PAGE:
Sdashiki

    Joined:
    Aug 11, 2005
    Location:
    Behind the lens
    #17
    FILL OUT THE FAFSA.

    Pray your parents are:

    poor
    divorced
    have multiple children that are preferably IN college


    I dont know anything about your situation, but Ive seen alot of cases where the parents "cant/wont" put their kid through college. However, according to their TAXES from last year, they make too much to offer you any financial aid.

    Everyone who appies with the FAFSA will receive financial aid.

    It works based on you being put in line with everyone else who has applied.

    The most needy are at the top and least needy at the bottom of the list.

    Your FAFSA + your parents taxes from the previous year give the govt. a number that is called your "need" (an algorithm if there ever was one). The govt then tries to meet this "need" by giving you financial add that hopefully equals something close to this given "need" amount.

    As time goes on and the needy are paid with grants, loans and work study allotment, there is less and less money to give out. (example, there is $10 million in grants, when all $10 million is disbursed, they move onto the next aid package, possibly another kind of grant, work study etc)

    Once they get to you, possibly, there is no more free money, so they offer you low interest loans and work study. When those run out, you get NO financial aid.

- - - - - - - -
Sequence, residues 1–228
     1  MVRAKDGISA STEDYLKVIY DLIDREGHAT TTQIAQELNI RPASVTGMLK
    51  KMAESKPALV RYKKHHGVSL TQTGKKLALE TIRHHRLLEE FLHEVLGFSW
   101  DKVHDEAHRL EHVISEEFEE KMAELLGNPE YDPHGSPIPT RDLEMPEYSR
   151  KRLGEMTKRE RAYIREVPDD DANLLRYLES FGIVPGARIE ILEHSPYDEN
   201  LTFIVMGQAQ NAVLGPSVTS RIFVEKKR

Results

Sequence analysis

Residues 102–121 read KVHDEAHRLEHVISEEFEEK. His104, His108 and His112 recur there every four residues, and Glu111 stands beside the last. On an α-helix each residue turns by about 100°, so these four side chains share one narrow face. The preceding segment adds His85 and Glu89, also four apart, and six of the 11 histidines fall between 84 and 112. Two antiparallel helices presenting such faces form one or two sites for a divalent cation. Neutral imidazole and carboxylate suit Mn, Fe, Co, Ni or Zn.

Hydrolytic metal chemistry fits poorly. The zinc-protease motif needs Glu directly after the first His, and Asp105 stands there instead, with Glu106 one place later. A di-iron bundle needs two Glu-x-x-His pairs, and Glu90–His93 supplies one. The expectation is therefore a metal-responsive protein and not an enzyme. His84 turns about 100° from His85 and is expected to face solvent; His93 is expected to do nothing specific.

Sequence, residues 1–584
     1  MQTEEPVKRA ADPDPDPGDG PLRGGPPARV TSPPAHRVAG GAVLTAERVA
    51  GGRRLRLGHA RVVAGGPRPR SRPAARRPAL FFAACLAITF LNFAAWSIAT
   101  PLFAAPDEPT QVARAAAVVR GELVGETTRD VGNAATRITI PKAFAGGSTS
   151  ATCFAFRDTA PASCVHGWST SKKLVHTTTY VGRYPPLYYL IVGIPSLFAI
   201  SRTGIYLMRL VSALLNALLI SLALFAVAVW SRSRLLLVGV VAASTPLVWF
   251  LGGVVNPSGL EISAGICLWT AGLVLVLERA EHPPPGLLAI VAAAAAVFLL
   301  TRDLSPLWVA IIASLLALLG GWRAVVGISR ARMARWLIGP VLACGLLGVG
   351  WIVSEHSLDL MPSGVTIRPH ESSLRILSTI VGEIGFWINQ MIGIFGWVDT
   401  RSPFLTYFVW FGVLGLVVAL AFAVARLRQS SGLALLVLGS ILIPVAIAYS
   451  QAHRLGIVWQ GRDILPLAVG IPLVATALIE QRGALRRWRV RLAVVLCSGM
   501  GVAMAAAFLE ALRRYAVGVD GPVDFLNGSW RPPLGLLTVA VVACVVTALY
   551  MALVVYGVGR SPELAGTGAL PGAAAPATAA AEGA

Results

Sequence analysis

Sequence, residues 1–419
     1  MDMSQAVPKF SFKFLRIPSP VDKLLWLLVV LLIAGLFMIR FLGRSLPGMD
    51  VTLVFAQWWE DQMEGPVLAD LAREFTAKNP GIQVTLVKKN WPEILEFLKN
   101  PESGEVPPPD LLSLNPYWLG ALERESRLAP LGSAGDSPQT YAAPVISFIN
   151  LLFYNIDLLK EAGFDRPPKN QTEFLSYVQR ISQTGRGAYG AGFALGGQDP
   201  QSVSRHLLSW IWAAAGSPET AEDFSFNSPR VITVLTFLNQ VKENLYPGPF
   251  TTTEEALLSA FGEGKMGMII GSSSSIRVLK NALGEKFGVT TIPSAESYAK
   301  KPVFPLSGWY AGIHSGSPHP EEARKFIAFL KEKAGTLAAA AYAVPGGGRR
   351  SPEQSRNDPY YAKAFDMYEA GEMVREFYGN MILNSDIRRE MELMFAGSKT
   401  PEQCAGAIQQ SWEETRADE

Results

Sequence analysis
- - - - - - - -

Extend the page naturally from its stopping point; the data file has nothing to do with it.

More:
The worst thing that could happen is you get $0 in financial aid. Extremely rare as even those with NO NEED still get access to student loans (sometimes just crappier non-subsidized)

    In a case where you have NO way to pay for college, this can truly sap your enthusiasm for going to college at all.

    BUT do not EVER think you need to pull a private loan to pay for college.

    ps: to fill out the FAFSA and NOT use your parents income as part of the form, you must be any of the following:

    be 24yrs of age
    a ward of the state
    in or were in the military
    be married

    pps: if you have ANY type of drug convictions, misdemeanor or felony or ANYTHING (literally anything) on your record, you can kiss financial aid goodbye, THANKS DUBYA! (ya coke head Yale alumn!)

    ppps: NEVER, EVER, EVER, EVER CONSOLIDATE YOUR LOAN WITH ANYONE BUT THE DEPT. OF EDUCATION! The fine print on every single private consolidator states they can and will SELL your loan to another company, which allows the next company to negate any "deal" (ie. interest rate and payment schedule) you made with the original consolidator. The DOE will never ever sell your contract.
     
  18. Airforce macrumors 6502a

    Airforce

    Joined:
    Jan 12, 2006
    #18
    That's a load of bull :p If I can be a full time student (12 hours) and hold down a full time job in the military(Active Duty Air Force), you can get yourself a few hours down at the local burger joint ;)
     
  19. hayduke macrumors 65816

    hayduke

    Joined:
    Mar 8, 2005
    Location:
    is a state of mind.
    #19
    A federal subsidized loan is the way to go -- for the reasons already stated. Something else you can consider, which isn't entirely kosher, is to take the max loan amount for the semester (~$5-10k) and invest (very conservatively) the part that you don't need. This way you can make some money that will help offset the cost of the loan (even the subsidized loans have some fees).
     
  20. Dagless macrumors Core

    Dagless

    Joined:
    Jan 18, 2005
    Location:
    Fighting to stay in the EU
    #20
    Seconded.